The Federal Trade Commission (“FTC” or “Commission”) recently announced that it has adjusted the maximum civil penalty dollar amounts for violations of 16 provisions that the Commission enforces. The increase is required by the Federal Civil Penalties Inflation Adjustment Act Improvements Act of 2015, and is intended to account for inflation. The act directs agencies to implement annual inflation adjustments based on a prescribed formula. Given the uptick in FTC enforcement actions, companies are likely to begin feeling the impact of the increased penalties in the coming year.

As our readers likely recall, the Supreme Court’s 2021 ruling in AMG Capital Management LLC v. Federal Trade Commission removed a powerful tool that the FTC had previously relied on to pursue monetary relief in federal court. The Supreme Court unanimously held that the Federal Trade Commission cannot obtain equitable monetary relief, such as disgorgement or restitution, when it pursues district court litigation directly under Section 13(b) of the Federal Trade Commission Act (“FTC Act” or “Act”). Rather, to obtain such relief, the FTC must first follow its administrative adjudication procedures under Section 5 of the Act.

With disgorgement and restitution off the table in federal court proceedings, we predicted in 2021 that the FTC would focus some of its enforcement resources on pursuing FTC rule violations because of the entitlement to seek civil penalties. Our prediction came true, and we expect this to be a continued focus of enforcement activity in 2023. With the recent increase, the Commission can now seek up to $50,120 in civil penalties per violation of a FTC rule (or per day for ongoing violations). Given how quickly these penalties can add up, now is likely a good time for companies to review their business practices to ensure compliance with FTC rules, including the following:

  • Restore Online Shoppers’ Confidence Act (“ROSCA”), which requires sellers to clearly and conspicuously disclose all “material terms of the transaction” before enrolling a consumer in a negative option plan online, obtain the consumer’s express informed consent before charging their payment method, and providing an easy mechanism for cancelling the negative option plan.
  • Made in USA Labeling Rule which requires that all significant parts, processing and labor that go into the product must be of U.S. origin in order for sellers to label their product as “Made in USA”.
  • The Mail Order Rule, which prohibits sellers from soliciting mail, Internet, or telephone order sales unless they reasonably expect that they can ship the ordered merchandise within the time stated on the solicitation or, if no time is stated, within 30 days. The Rule also requires a seller to seek the buyer’s consent to the delayed shipment when the seller learns that it cannot ship within the time stated or, if no time is stated, within 30 days. If the buyer does not consent, the seller must promptly refund all money paid for the unshipped merchandise. The Rule includes specific requirements regarding how refunds must be provided and when.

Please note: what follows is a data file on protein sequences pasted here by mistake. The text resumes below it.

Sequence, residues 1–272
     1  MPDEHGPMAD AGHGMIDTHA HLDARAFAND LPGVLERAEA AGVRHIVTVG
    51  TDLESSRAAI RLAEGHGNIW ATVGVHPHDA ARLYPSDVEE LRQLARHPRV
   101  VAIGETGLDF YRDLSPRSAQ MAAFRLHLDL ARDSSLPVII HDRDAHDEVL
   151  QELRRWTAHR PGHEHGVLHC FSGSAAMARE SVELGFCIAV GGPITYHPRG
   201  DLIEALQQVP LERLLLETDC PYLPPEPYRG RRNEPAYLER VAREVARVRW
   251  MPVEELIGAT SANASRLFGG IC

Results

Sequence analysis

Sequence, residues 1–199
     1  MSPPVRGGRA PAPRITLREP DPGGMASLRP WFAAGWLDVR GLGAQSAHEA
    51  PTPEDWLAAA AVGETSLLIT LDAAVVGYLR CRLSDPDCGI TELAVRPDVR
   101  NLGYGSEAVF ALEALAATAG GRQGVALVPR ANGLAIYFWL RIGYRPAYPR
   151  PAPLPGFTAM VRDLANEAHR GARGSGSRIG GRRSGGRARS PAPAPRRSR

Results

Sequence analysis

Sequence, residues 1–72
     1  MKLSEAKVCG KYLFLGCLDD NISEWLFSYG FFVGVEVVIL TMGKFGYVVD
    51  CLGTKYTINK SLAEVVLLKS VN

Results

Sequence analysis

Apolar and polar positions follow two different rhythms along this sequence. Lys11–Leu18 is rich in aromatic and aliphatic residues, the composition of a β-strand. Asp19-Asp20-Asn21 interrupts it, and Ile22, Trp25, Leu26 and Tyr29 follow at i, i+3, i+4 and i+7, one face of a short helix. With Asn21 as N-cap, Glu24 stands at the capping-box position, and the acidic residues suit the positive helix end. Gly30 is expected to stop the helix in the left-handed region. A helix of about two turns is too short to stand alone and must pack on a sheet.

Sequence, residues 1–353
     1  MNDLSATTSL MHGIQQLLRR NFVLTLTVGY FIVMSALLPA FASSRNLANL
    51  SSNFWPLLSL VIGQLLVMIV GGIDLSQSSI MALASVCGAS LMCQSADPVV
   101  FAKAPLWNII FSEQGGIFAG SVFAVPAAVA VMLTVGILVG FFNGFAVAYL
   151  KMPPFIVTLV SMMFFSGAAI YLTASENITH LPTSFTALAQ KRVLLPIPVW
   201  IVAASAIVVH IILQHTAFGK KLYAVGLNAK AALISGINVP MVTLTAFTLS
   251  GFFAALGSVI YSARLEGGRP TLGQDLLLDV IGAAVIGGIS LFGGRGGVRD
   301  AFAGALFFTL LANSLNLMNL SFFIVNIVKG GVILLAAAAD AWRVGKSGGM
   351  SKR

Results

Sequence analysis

• Telemarketing Sales Rules (“TSR”), which requires telemarketers to make specific disclosures of material information; prohibits misrepresentations; sets limits on the times telemarketers may call consumers; prohibits calls to a consumer who has asked not to be called again; and sets payment restrictions for the sale of certain goods and services.

In addition to focusing on enforcement of the above-referenced FTC rules, the FTC has also announced its intention to implement new FTC rules. Specifically, the FTC recently announced that it is exploring potential rulemaking that could crack down on junk fees, commercial surveillance and lax data security practices, and the use of reviews and endorsements.

Moreover, the FTC has been active in issuing “Notice of Penalty Offenses” in an effort to tee up an argument for entitlement to civil penalties for actions that would ordinarily simply constitute a violation of Section 5 of the FTC Act. The FTC’s Penalty Offense Authority is codified in Section 5(m)(1)(B) of the FTC Act, 15 U.S.C. Section 45(m)(1)(B). Under this authority, the Commission can seek civil penalties if it proves that (1) the company knew the conduct was unfair or deceptive in violation of the FTC Act and (2) the FTC had already issued a cease and desist order finding that such conduct is unfair or deceptive. If companies engage in the identified conduct after receipt of the “Notice of Penalty Offenses”, they could now face civil penalties of up to $50,120 per violation. Recent “Notice of Penalty Offenses” related to for-profit education, the use of testimonials and endorsements in advertising, and false money-making claims.

The Commission voted 4-0 to publish the Federal Register notice amending Commission Rule 1.98. The new maximum civil penalty amounts will take effect upon publication in the Federal Register. Once the new penalty amounts become effective, they will apply to violations that took place even before the effective date of the adjustment, so long as the assessment itself occurs after the effective date for the adjustment. The Federal Register notice can be found here.